USA | 1945 | black and white | 103 minutes

CREDITS

Directors Mitchell Leisen

Notable cast Paulette Goddard, Ray Milland

Production Company Paramount Pictures

One of the many iterations of the Pygmalion narrative, Kitty diverges from the crowd of Hepburn musicals and the teenage makeover flicks in its wiliness to depict the more sinister side of the mentor and protégé arc. Kitty is a comedy, but it’s as sharp as it is unforgiving. As Kitty is passed from suitor to suitor, all beneath the watchful gaze of her stricken mentor Sir Hugh March, questions of grooming and emotional and physical abuse are left out in the open–even if they aren’t addressed directly by the film. Charming, funny, and filled with subtext, Kitty presents viewers with compelling arguments about the nature of the mentor-protégé relationship.

Sources:

IMDB

Image source

Read more about the Month of Mentorship Below


Commentary: 

Kitty was the first black and white movie I fell in love with, and though it was only made in 1945, I’ve always felt it was much older because of this distinction in my memory. My favorite insult will always be “Gutter-snipe”, and I’ll always burst into laughter whenever I think of all the scenes in which Kitty’s husbands meet their demise (their deaths were always so random, so ridiculous, that you couldn’t help but laugh). I was never a fan of Sir Hugh March (it’s hard to romanticize that mess of a person) but I’ve always loved Kitty for being strong and for taking no prisoners.

Similar movies:

Rather than similar movies, here are a list of other renditions of the Pygmalion story for your viewing pleasure. Most of these have a lot of the issues and themes that Kitty seems to have/bring up, but they’re all very fun in their own right, at least, from what I can remember.

My Fair Lady (1964)

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I love this Hepburn musical of course, but I’ve always felt like Kitty was the stronger character, or at least, maintains a stronger sense of self throughout her transformation. It’s hard to compare though, and I’m not sure if it’s a fair comparison to make. At the end of the films, both women are so brutally sculpted into the image of a “finely bred woman”, that they seem like shallow renditions of their originally sassy selves.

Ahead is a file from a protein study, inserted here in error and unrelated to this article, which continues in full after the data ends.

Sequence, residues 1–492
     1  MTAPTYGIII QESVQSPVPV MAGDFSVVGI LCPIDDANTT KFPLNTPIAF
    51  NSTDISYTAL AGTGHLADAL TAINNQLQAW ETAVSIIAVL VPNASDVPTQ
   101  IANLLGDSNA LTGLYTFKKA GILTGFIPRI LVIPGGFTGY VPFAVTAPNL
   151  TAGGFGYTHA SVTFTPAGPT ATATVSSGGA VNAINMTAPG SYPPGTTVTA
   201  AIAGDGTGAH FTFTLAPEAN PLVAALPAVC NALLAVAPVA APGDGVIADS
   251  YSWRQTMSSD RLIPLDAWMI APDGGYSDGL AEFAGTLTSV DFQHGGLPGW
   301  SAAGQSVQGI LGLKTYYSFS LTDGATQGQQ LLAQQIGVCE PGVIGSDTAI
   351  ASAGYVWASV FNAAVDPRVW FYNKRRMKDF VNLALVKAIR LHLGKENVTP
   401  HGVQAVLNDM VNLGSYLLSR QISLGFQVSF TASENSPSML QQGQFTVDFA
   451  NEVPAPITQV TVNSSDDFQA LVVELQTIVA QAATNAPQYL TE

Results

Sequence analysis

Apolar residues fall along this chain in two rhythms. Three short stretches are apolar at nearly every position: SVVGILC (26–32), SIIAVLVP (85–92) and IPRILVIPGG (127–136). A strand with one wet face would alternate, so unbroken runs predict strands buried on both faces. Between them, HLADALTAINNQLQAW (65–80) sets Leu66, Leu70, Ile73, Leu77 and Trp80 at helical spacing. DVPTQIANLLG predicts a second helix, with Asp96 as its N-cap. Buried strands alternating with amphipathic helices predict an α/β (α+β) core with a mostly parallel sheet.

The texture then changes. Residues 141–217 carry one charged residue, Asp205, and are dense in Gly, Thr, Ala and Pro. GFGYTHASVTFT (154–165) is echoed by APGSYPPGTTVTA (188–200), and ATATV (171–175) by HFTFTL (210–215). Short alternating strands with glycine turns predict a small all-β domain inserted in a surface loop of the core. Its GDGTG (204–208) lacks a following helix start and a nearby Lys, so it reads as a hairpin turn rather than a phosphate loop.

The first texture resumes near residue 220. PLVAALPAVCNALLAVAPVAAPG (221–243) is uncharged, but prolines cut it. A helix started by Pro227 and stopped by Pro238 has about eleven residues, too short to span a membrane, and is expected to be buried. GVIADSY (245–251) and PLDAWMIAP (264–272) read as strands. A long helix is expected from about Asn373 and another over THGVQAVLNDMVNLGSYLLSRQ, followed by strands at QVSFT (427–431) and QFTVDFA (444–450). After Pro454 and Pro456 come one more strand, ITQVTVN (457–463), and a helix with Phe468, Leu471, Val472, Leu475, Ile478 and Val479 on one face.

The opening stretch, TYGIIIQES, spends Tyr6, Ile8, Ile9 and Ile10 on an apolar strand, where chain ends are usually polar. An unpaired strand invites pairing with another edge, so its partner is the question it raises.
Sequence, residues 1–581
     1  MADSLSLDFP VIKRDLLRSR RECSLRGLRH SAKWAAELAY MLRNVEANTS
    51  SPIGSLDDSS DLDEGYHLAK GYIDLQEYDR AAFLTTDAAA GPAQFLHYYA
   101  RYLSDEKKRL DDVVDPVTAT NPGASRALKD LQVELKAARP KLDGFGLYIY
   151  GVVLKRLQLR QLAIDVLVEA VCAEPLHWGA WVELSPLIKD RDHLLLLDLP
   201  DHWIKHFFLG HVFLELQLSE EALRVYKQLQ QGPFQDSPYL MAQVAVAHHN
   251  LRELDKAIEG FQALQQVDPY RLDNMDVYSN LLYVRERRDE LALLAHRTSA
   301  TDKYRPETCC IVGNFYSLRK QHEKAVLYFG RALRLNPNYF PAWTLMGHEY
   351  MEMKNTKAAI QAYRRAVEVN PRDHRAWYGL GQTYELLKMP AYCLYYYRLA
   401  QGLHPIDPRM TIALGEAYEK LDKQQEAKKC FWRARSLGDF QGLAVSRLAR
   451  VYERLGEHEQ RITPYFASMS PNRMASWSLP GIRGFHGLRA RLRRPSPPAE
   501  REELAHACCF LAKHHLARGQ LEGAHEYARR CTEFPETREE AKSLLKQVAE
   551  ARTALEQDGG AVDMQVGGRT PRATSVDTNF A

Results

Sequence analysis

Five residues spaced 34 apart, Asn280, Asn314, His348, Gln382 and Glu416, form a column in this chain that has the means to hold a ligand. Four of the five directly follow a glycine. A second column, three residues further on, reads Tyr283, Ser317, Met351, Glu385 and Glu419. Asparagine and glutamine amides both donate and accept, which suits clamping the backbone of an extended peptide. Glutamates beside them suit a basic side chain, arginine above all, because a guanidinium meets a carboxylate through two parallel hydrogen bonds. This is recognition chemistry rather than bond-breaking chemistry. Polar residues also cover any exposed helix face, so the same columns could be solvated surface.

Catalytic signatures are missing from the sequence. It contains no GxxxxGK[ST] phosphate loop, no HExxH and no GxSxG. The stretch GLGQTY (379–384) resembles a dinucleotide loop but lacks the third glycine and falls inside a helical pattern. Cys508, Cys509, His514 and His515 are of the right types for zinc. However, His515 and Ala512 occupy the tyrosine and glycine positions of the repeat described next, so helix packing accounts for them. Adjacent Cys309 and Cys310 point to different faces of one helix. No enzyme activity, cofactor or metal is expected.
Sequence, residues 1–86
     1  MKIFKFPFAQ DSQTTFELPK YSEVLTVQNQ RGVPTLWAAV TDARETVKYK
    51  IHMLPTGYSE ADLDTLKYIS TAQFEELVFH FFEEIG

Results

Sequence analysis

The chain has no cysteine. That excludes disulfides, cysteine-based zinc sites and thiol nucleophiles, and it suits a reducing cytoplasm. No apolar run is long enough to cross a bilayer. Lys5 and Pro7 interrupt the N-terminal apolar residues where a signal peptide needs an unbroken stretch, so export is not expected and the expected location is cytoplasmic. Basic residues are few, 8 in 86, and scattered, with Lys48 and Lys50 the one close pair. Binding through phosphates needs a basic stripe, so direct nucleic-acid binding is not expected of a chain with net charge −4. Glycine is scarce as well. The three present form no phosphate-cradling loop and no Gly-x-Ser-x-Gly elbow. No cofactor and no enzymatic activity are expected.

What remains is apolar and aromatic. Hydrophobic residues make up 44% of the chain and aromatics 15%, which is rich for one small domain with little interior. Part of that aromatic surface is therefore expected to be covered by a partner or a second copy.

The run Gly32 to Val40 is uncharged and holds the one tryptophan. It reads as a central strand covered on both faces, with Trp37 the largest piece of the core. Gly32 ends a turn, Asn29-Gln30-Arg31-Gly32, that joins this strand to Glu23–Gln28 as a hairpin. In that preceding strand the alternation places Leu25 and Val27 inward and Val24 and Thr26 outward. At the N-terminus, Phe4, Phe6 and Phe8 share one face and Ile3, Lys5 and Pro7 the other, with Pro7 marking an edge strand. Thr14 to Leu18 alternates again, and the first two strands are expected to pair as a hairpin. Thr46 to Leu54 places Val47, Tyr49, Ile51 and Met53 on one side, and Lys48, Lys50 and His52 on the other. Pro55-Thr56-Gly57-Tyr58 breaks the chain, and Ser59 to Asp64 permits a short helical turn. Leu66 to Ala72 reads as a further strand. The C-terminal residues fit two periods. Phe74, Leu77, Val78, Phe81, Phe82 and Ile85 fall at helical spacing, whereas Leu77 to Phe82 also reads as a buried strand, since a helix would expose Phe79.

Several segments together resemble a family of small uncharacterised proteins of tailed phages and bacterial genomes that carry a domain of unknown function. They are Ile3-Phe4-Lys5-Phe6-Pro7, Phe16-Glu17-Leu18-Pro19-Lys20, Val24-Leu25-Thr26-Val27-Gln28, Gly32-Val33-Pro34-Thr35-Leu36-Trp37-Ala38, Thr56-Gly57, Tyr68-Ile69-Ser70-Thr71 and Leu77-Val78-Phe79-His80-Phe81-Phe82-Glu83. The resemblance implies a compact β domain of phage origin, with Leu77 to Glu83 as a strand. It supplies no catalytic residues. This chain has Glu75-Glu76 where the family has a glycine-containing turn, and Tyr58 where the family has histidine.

That being said, I like to give their characters more credit than their source material lends them. Though it tries to fashion these strong women into demure pets for their mentors, the girls always seem to maintain a bit of that spark that made them so strong in the first place.

The Story

Basically, My Fair Lady follows the story of flower girl Eliza Doolittle as she transitions from resident gutter-snipe to a proper ladydoll, equipped with shinier dresses, a brand new accent, and inoffensive manners to go with her.

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Why do I feel like the people who made this product wrote these movies…

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Jokes aside, I love the costumes in this movie, along with the music and of course, Audrey as Eliza. Though not my favorite Hepburn role (that goes to Roman Holiday thank you very much), it’s a fun one, with a grand score to go along with it, even if the voice wasn’t Audrey’s herself (they replaced her singing without telling her initially. Can you believe that? or at least I heard that somewhere…)

(who knew there were so many My Fair Lady memes, I must use them all now…)

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She’s All That (1999)

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A modern rendition of the Pygmalion story, plus a parody of basically every makeover movie ever (or at least, I think it is, tell me its a parody, I hope it’s a parody…) I don’t remember much about She’s all that, just that it was funny, and she took off her glasses and suddenly, she was a goddess, but did I mention it was funny? Also, early 2000s rom com with early 2000s actors, what more could you ask for?

Story

Um…see above..

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Nodame Cantabile (2009)

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Okay, so I don’t know if Nodame is a variation on Pygmalion (I didn’t think it was when I first watched it but now that I look back I guess you could say that it might be. Maybe. Kind of?) but it’s a great movie.

The Story

It follows Nodame, an aspiring pianist who falls in love with Chiaki, a senior in her school whose talent for the piano almost outweighs his arrogance (almost). The movie follows the two after the TV show’s conclusion, but the duo are still a lot of fun to watch as they bicker and plot in this two part film. Before the movie though, you should watch the show. Also, Nodame’s love of food is my love of food. That is all.

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Clueless (1995)

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Rather than an iteration of the Pygmalion story, Clueless is a modern take on Jane Austen’s Emma. Clueless, is of course, hilarious. Cher is arrogant, entitled and spoiled, and I should hate her but I don’t. How can anyone I ask? With her style, and her good-ish intentions, she’s the lovable rich girl that you can’t help but love.

The Story

Clueless is about her misguided attempts to hook her friends up with one another. If you haven’t watched it, then you’re one of the lucky ones because you get to see it for the first time, and then watch it a second time so you actually get all the themes that its touching upon. I still don’t think I’ve caught onto to it fully, which just showcases how timeless this film really is.

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For my next post, I’ll look at Creed, but if you want to read my original overview of this season, check out my post here and my update here.

 

 

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